chdir, fchdir - change working directory
int chdir(const char *path);
int fchdir(int fd);
Feature Test Macro Requirements for glibc (see feature_test_macros(7)):
_BSD_SOURCE || _XOPEN_SOURCE >= 500 || _XOPEN_SOURCE && _XOPEN_SOURCE_EXTENDED
|| /* Since glibc 2.12: */ _POSIX_C_SOURCE >= 200809L
chdir() changes the current working directory of the calling process to the directory specified in path.
fchdir() is identical to chdir(); the only difference is that the directory is given as an open file descriptor.
On success, zero is returned. On error, -1 is returned, and errno is set appropriately.
Depending on the filesystem, other errors can be returned. The more general errors for chdir() are listed below:
EACCES Search permission is denied for one of the components of path. (See also path_resolution(7).)
EFAULT path points outside your accessible address space.
EIO An I/O error occurred.
ELOOP Too many symbolic links were encountered in resolving path.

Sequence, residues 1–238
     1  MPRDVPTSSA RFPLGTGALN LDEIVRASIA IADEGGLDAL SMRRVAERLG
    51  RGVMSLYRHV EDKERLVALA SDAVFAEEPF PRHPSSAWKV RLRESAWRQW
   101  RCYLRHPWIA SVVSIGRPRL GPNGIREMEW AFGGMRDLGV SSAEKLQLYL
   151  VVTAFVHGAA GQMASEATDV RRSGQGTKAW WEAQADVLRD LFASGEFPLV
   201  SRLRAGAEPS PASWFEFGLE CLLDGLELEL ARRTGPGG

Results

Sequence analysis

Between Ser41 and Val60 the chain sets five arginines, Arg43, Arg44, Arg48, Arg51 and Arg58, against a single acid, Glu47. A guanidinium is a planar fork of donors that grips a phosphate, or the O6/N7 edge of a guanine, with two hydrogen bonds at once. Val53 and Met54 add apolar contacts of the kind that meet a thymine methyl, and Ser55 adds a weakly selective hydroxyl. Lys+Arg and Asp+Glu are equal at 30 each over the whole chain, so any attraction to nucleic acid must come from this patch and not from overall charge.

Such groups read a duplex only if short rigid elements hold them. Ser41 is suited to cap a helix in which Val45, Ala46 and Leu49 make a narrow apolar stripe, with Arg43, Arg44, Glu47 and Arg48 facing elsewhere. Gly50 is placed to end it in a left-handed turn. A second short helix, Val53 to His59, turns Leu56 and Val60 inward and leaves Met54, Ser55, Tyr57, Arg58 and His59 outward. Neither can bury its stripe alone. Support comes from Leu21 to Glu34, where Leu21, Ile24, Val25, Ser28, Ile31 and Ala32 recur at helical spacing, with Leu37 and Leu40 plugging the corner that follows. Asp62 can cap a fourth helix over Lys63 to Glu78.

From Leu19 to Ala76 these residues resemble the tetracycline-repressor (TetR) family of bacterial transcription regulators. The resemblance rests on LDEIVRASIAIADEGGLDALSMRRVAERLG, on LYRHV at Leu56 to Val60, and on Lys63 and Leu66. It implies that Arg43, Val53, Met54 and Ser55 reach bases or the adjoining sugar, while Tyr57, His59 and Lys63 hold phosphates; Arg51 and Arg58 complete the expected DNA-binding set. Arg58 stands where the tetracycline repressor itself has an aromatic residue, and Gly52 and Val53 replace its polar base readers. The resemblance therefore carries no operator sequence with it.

path is too long.
ENOENT The file does not exist.
ENOMEM Insufficient kernel memory was available.
A component of path is not a directory.
The general errors for fchdir() are listed below:
EACCES Search permission was denied on the directory open on fd.
EBADF fd is not a valid file descriptor.
SVr4, 4.4BSD, POSIX.1-2001.
The current working directory is the starting point for interpreting relative pathnames (those not starting with '/').
A child process created via fork(2) inherits its parent's current working directory. The current working directory is left unchanged by execve(2).
chroot(2), getcwd(3), path_resolution(7)
This page is part of release 3.54 of the Linux man-pages project. A description of the project, and information about reporting bugs, can be found at http://www.kernel.org/doc/man-pages/.